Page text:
Female   18   24   28   19   24   21   20   29   30   29   11   24   16   23
 Male     20   18   27   34   33   16   15   20   22   27   21   27   21   18
 Total    38   42   55   53   57   37   35   49   52   56   32   51   37   41

Sex 8627 8707 8854 8874 9550 Total

 Female   24   26   17   21   19   423
 Male     29   22   15   15   10   410
 Total    53   48   32   36   29   833

This data does not give us a good interpretation so we have to give a summary of this data to find the consequence of modelling sex composition and Sector effects.


As we see in this output, public sector only have coed schools.

Showing into graphs these data to see what's going on.




- The first two graphs shows that if we model sex composition and Sector effects our model will not be normally distributed.

- The last graph shows that we can not give a prediction either to mathach or ses, but we can pooled the data to ignore this situation and have a better analize of the data.


Does it appear that boys are better off in a boy's school and girls in a girl's school or are they better off in coed schools? How would you qualify your findings so parents don't misinterpret them in making decisions for their children?

As can be seen in Figure 3, FIgure 4 and the following R output, girls and boys both perform better in single-sex schools. All public schools are co-ed, while catholic schools can be all male, all female or co-ed, so sector may be acting as a confounding factor in the analysis of sex category on math achievement.


Figure 3: Plot of Math Achievement by Sex Category


Figure 4: Plot of Math Achievement by ses with respect to sex category

Call: lm(formula = mathach ~ ses + factor( +, data = hs)


    Min       1Q   Median       3Q      Max 

-19.0096 -4.9276 0.1901 4.9705 15.2090


                    Estimate Std. Error t value Pr(>|t|)    

(Intercept) 14.6252 0.4398 33.251 < 2e-16 *** ses 1.6955 0.6140 2.761 0.005807 ** factor( -2.1118 0.4726 -4.469 8.32e-06 *** factor( -1.8262 0.5442 -3.355 0.000807 *** ses:Sex.catCoed 2.0028 0.6545 3.060 0.002242 ** ses:Sex.catGirls 0.7560 0.7519 1.005 0.314815 --- Signif. codes: 0 ‘***’ 0.001 ‘**’ 0.01 ‘*’ 0.05 ‘.’ 0.1 ‘ ’ 1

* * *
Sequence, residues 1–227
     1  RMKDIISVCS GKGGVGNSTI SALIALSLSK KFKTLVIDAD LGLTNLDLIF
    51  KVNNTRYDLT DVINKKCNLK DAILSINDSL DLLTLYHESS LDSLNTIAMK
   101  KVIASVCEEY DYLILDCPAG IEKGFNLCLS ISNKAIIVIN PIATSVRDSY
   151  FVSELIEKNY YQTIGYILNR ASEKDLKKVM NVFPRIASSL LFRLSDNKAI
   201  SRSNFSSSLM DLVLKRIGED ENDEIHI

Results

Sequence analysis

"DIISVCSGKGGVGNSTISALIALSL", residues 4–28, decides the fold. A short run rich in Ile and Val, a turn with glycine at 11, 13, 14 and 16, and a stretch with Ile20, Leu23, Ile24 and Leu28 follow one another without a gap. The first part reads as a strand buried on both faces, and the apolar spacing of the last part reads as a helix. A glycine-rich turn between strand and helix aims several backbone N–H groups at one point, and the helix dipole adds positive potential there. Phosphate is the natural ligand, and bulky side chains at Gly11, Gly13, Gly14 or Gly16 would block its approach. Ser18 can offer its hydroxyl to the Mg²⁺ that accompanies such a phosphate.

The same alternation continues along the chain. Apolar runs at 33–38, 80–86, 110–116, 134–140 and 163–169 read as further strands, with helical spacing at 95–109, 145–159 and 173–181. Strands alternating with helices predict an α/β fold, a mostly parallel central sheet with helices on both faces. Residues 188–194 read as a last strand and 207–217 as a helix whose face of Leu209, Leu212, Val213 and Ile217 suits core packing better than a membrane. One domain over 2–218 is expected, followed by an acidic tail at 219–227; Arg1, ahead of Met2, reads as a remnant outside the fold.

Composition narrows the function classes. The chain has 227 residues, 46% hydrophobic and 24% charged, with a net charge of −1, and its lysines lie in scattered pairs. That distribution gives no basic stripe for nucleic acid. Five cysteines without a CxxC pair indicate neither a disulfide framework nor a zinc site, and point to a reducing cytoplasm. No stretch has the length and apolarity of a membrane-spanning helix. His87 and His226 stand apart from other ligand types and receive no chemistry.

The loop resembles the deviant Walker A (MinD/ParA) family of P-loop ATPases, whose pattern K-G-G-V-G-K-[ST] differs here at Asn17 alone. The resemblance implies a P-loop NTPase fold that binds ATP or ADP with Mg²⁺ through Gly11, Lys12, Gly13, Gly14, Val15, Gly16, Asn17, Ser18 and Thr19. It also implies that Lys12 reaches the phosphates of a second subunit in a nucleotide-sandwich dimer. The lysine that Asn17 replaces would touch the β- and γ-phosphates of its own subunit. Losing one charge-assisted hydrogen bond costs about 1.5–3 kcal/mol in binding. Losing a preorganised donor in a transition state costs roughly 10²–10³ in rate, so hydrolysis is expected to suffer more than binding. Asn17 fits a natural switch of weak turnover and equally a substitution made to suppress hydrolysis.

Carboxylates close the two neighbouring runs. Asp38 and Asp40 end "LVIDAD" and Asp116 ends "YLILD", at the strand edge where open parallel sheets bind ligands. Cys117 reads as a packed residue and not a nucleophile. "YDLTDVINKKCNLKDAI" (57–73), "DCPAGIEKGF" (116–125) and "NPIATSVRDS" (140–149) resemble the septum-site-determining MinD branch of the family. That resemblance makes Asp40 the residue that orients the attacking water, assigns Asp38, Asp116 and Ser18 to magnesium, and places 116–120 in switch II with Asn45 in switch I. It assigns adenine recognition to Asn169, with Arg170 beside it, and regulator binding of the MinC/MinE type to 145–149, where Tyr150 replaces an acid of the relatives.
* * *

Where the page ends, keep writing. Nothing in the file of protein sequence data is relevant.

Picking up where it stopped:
Residual standard error: 6.351 on 1971 degrees of freedom Multiple R-squared: 0.1396, Adjusted R-squared: 0.1374 F-statistic: 63.95 on 5 and 1971 DF, p-value: < 2.2e-16

lm(formula = mathach ~ ses + factor( * factor(Sector),

   data = hs)


    Min       1Q   Median       3Q      Max 

-19.4102 -4.8167 0.1175 5.0436 15.3054

Coefficients: (2 not defined because of singularities)

                                         Estimate Std. Error t value Pr(>|t|)

(Intercept) 14.9586 0.4175 35.832 < 2e-16 ses 3.1046 0.1952 15.907 < 2e-16 factor( -1.5700 0.5090 -3.084 0.002068 factor( -2.1432 0.5257 -4.077 4.74e-05 factor(Sector)Public -1.4099 0.3634 -3.879 0.000108 factor( NA NA NA NA factor( NA NA NA NA

(Intercept) *** ses *** factor( ** factor( *** factor(Sector)Public *** factor( factor( ---


  • Is a low ses child better off in a high ses school or are they better off in a school of a similar ses? How about a high ses child in a low ses school? How would you qualify your findings so parents don't misinterpret them in making decisions for their children?
  • Based on the first graph, the gap in math achievement between low ses students and high ses students is smaller for schools with a low ses than for schools with a high ses. So, a low ses child is better off in a low ses school.
  • Contrary to what one would expect, it appears as though students with a low ses outperform students with a high ses irrespective of their school's ses status (i.e. high ses or low ses).




Is a minority status child better off in a school with a higher proportion of minority status children or are they better off in a school with a low proportion? How would you qualify your findings so parents don't misinterpret them in making decisions for their children?



According to the first graphs we can see that it is better to send a child with low SES to a school with low proportion of minority status but in the other hand, it is better to send a child with higher SES to a school with high proportion of minority status. It is also the same for a child with low Mathach


This graph is very useful to understand more the proportion of minority status because we can compare the new predictor Mathach versus SES according to their minority and majority gap together, so with this graph parents have to be careful about taking a decision for their children because this graph is different from the others due to the introduce of a new predictor carrying on a new analysis of contextual effects.


Preeliminary analysis 1


Preeliminary analysis 2

File:Consulting pres2(pdf).pdf